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The All-Star Dividend Portfolio to Buy Today

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In today's economy, many investors are increasingly turning to the stability and reliability of dividends.

This makes sense: Dividend-paying stocks not only tend to outperform nondividend-paying stocks over the long term -- by a whopping 10% to 4% margin, according to Ned Davis Research -- but they're also especially attractive during hard times. Noted investor and dividend expert Jeremy Siegel calls dividend stocks "bear market protectors and return accelerators." Their heightened yields tend to bolster portfolios, particularly during difficult times.

But not all dividend stocks are created equal. To help you find the best ideas, I compiled a diverse group of high-quality dividend payers. Read on to see their names, and discover what makes them so attractive right now.

Meet your all-star dividend portfolio
In selecting excellent dividend stocks, a few factors are critical. First and foremost, we want companies with attractive dividend yields. But it's also important to make sure that those dividends are both sustainable and have potential for growth by looking at whether the company can afford its payout, as well as examining their business fundamentals. I've done this for the dividend portfolio below.

Diversification is another important trait of a reliable dividend portfolio. Particularly during uncertain times, it's useful to make sure that you're not too exposed to any one sector, in case it suffers a targeted economic setback -- as financial-industry dividend payers did from 2008-2010. I made sure to choose stocks representing seven broad sector categories to help protect us further.

Lastly, it sure doesn't hurt when your portfolio enjoys the backing of other savvy investors with strong track records. To select a truly all-star dividend portfolio, I limited us to a select group of companies that not only earned the maximum five-star rating from our 180,000-member CAPS investing community, but have also caught the eye of the "All-Stars" ranked in CAPS' top 20%.

 Drumroll, please...


All-Star Outperform/Underperform

Dividend Yield


El Paso Pipeline Partners (NYSE: EPB  ) 58 / 1 5.2% Energy and materials
Waste Management (NYSE: WM  ) 568/ 8 3.8% Industrials
Procter & Gamble (NYSE: PG  ) 1,794 / 22 3.3% Consumer goods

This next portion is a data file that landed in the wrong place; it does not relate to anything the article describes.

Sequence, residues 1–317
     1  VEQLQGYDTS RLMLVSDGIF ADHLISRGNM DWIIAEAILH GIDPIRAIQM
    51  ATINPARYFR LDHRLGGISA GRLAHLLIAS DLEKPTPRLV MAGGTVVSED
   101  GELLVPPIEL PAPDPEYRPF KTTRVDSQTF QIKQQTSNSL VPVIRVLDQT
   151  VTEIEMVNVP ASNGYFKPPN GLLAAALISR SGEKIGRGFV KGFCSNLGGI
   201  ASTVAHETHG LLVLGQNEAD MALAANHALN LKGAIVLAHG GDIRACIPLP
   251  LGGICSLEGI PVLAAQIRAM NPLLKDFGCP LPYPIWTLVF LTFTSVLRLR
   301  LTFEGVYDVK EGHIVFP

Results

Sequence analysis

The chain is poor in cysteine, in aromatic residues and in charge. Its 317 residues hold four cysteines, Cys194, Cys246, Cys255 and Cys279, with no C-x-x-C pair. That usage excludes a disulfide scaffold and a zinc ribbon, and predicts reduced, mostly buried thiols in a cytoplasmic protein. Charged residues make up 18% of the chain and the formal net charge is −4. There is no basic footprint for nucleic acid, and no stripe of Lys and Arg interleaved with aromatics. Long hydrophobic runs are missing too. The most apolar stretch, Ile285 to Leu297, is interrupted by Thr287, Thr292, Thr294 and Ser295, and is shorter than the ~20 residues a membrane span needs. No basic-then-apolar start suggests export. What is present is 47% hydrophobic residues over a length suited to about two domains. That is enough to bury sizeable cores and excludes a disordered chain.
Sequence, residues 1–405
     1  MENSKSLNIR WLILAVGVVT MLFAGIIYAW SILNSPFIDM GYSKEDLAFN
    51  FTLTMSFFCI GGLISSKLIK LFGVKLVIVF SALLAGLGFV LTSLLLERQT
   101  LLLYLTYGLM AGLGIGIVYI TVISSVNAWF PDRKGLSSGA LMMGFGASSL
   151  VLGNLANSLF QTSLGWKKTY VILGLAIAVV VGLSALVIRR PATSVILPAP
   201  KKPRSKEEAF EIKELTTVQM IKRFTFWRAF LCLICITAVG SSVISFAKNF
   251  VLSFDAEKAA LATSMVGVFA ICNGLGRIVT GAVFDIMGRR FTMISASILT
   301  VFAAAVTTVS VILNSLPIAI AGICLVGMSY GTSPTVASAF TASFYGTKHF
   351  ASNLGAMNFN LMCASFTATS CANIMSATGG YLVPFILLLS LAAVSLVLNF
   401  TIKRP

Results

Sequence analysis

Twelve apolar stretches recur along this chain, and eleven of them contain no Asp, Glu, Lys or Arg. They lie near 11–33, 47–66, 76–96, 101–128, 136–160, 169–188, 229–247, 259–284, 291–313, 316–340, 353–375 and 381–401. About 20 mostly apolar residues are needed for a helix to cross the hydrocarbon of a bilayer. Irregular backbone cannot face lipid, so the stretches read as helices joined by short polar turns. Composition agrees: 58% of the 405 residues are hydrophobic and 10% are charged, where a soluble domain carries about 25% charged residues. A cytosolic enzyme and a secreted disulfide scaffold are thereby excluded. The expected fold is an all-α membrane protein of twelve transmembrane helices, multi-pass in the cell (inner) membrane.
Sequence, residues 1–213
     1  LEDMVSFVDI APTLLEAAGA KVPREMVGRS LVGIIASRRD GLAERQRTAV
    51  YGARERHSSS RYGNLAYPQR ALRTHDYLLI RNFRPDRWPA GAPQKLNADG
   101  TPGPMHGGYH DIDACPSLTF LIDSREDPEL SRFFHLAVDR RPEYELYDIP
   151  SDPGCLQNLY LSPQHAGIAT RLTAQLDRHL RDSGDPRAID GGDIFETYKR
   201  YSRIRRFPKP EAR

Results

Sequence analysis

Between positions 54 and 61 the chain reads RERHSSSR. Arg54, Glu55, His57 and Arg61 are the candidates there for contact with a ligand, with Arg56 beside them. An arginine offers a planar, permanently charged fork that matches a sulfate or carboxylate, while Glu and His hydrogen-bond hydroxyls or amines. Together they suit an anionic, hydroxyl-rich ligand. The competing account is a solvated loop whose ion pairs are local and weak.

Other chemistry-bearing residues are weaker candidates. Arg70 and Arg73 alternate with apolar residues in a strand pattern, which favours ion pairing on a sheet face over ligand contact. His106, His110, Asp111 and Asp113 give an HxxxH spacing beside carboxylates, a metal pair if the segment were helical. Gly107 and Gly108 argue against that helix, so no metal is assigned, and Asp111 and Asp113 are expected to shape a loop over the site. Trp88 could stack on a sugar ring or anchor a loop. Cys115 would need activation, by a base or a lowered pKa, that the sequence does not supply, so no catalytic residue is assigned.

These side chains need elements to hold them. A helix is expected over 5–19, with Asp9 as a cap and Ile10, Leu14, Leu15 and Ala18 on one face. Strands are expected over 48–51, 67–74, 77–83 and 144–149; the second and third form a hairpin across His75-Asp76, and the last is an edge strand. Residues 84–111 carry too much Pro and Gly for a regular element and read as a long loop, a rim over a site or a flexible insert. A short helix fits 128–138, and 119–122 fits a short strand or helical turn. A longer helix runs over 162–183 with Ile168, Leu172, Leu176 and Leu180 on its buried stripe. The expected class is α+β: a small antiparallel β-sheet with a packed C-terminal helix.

Abbott Labs (NYSE: ABT  ) 707 / 16 3.6% Healthcare
New York Community Bancorp (NYSE: NYB  ) 73 / 3 6.9% Financials
Telefonica (NYSE: TEF  ) 229 / 3 8.6% Telecommunications and information Technology
Southern Co. (NYSE: SO  ) 253 / 8 4.7% Utilities

Data from Motley Fool CAPS and Capital IQ, a division of Standard & Poor's.

Let's take a quick look at what makes each of these stocks reliable and attractive for dividend-hungry investors.

El Paso Pipeline Partners is a tax-advantaged master limited partnership that runs natural gas pipelines and a natural gas terminal. With net margins approaching 30%, it's a rather profitable business, and the company's long-dated contracts offer stability in addition to growth opportunities through expansion.

Procter & Gamble and Waste Management offer essential goods and services that generate reliable earnings even in a difficult economy. Similarly, Southern Co. is a steady, well-managed electric utility serving fast-growing regions in the Southeastern part of the country.

Abbott Labs focuses on a diverse group of specialized medicines and products, from diagnostic equipment to surgical devices to nutritional supplements and veterinary care. Last month, Abbott paid its 350th consecutive quarterly dividend since 1924. That payout also marked the company's 39th straight year of dividend increases.

New York Community Bancorp was strong enough to avoid taking any bailout funds, a remarkable feat for any company in the financial industry. Though the bank hasn't exactly overprovisioned, its loan loss rate is reasonably low and improving. At a time of turmoil for much of the industry, income growth has held up for this profitable bank that trades for just 1.1 times book value.

Spanish telephone giant Telefonica is such a high yielder in large part because of concerns about the Spanish economy. But the company only generates 30% of its revenue from Spain, as other European and fast-growth Latin American countries continue to make up an increasing share of its operations.

The bottom line